Court Keeps Mississippi from Closing Its Last Abortion Clinic
By Alana Semuels
After a series of setbacks, abortion rights advocates claimed a small victory Tuesday after a federal appeals court blocked a law that would have closed the last remaining abortion clinic in Mississippi.
The law required that all physicians associated with an abortion clinic have admitting privileges at a local hospital. The state's last clinic, Jackson Women's Health Organization, had filed a suit challenging the law, in part because none of the seven hospitals in the Jackson area were willing to grant the physicians admitting privileges.
Mississippi officials argued that women could go to neighboring states to obtain abortions, but the three-member panel of the U.S. 5th Circuit Court of Appeals ruled, 2 to 1, that the state could not shift its constitutional duties to another state.
The law "imposes an undue burden on a women's right to choose an abortion," the court said.
The decision is curious because the same appeals court, with a different panel of judges, let stand a similar law in Texas this year. Similar laws are also being litigated in Wisconsin and Alabama and are in place in Kansas, North Dakota and Tennessee. Comparable laws will go into effect later this year in Louisiana and Oklahoma.
The difference, said Matthew Steffey, a professor at the Mississippi College School of Law, is that the Mississippi law would have closed the last remaining clinic, whereas the Texas law closed only some.
"If you go all the way back to the era of Roe vs. Wade, the problem was that abortions were available in some jurisdictions but not others," Steffey said. "Roe nationalized the right of access to abortion, and the court, for very good reason, said a state can't export or transfer its constitutional duties to other states."
The state can still appeal the decision, and Jan Schaefer, a spokeswoman for the Mississippi attorney general, said in an email that the state was "reviewing the ruling and considering our options."
Steffey said the law was likely to remain blocked.
"I think it's essentially game over at this point," he said.
The Mississippi law, passed in 2012, was one of a flurry of antiabortion laws pushed by conservative legislatures after the midterm election of 2010. Some required doctors performing abortions to have admitting privileges in local hospitals, others banned abortion after 20 weeks of pregnancy, and others required clinics to give women an ultrasound and then describe the image to them before performing the procedure.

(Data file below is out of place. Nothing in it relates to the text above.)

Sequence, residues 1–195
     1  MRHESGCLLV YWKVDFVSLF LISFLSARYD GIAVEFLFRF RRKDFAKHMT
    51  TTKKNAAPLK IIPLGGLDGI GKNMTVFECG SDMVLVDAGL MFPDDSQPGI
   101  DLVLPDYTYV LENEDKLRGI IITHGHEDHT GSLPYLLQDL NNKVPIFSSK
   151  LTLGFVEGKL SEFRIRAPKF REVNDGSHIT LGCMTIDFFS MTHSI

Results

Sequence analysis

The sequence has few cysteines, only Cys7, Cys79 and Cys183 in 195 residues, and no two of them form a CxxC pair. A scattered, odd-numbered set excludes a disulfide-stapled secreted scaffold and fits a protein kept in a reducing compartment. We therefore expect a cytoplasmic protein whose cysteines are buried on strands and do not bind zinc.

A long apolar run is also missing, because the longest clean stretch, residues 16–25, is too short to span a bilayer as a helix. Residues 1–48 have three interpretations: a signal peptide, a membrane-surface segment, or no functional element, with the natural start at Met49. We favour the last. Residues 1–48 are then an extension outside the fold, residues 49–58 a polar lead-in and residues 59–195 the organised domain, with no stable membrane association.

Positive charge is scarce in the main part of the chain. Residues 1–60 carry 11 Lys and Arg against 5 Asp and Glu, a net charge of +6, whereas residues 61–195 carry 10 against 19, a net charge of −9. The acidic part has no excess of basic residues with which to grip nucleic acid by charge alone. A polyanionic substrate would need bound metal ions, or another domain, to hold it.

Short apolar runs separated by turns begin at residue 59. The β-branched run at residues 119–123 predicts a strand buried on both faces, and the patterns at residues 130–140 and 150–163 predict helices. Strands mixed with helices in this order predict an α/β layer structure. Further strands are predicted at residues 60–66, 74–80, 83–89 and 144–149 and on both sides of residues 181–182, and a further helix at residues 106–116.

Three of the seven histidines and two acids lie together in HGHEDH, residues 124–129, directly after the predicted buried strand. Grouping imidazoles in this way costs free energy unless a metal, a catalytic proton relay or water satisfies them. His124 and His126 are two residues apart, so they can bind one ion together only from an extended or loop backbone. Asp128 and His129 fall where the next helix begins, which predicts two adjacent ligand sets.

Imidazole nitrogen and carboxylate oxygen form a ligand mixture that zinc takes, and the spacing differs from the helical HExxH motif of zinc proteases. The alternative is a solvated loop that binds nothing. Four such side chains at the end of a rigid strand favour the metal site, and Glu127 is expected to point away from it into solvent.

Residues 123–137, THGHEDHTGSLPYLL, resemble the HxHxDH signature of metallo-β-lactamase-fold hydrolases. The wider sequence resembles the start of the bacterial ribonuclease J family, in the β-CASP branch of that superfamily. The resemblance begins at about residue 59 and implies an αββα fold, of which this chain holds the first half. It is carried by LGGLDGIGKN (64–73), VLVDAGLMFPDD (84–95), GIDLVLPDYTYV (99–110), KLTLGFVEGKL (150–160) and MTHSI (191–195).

Legislators said the bills were aimed at making abortion safer for women, although many also said they would prefer to eliminate abortion entirely if they could.
"If a woman is going to have an abortion, we want to make sure she receives proper healthcare," said Rep. Katrina Jackson, a Democrat, who sponsored Louisiana's admitting-privileges bill. "It's about continuity of care."
Abortion rights advocates have fought many of the state laws in court, with varying degrees of success. In January, the U.S. Supreme Court declined to hear an appeal from Arizona on a state law that barred abortions after 20 weeks of pregnancy, effectively blocking that law, but similar laws still stand.
The Texas admitting-privileges law still stands, and a paper released last week found that the number of abortion facilities in the state had dropped to 22 from 41 and that the abortion rate had declined 13% in the year the law has been in place.
"The courts have been a bit of a mixed bag, and sometimes restrictions are struck down, sometimes they're not, and it's very hard to predict what will happen," said Elizabeth Nash, the state issues manager at the Guttmacher Institute, which advocates for reproductive rights.
In an effort to get a more definitive ruling on the matter, Planned Parenthood has filed a petition asking the full bench of the 5th Circuit to reconsider the Texas case. Its petition would essentially ask all of the judges to rule on the law, rather than just the three-judge panel, which upheld it in March. Differing decisions could make the case proceed to the U.S. Supreme Court.
Also Tuesday, the Massachusetts Legislature gave final approval to a bill designed to tighten security around abortion clinics in the state. The law, which would allow police to disperse anyone impeding access and keep them at least 25 feet from the clinic's entrance for up to eight hours, comes a month after the U.S. Supreme Court struck down a 2007 state law that prevented protesters from coming within 35 feet of the entrances. Gov. Deval Patrick has said he will act quickly to sign the bill into law.
In the meantime, clinics like the Women's Health Care Center in New Orleans are struggling to gain admitting privileges at local hospitals, since the law in Louisiana still stands. On a recent weekday, Sylvia Cochran, the administrator of the clinic, one of two in the New Orleans area, sat in an office as protesters outside held graphic images of fetuses and shouted at women approaching the building.
The admitting-privileges law is "a game-changer," said Cochran, who has been working at the clinic since 1977. It goes into effect Sept. 1, and abortion rights advocates say it could close all clinics in the state except for two in Shreveport.
Cochran spent recent months applying for malpractice insurance, which is necessary for gaining admitting privileges, to no avail so far. The state had previously prohibited doctors providing abortions from obtaining malpractice insurance, a law that was overturned by the courts in 2012. No hospital had granted her clinic admitting privileges yet.
If the New Orleans and Baton Rouge clinics close, it will be a shorter drive for New Orleans women to visit the clinic in Jackson, across the state border, than it will be for them to visit the remaining clinics in their own state.
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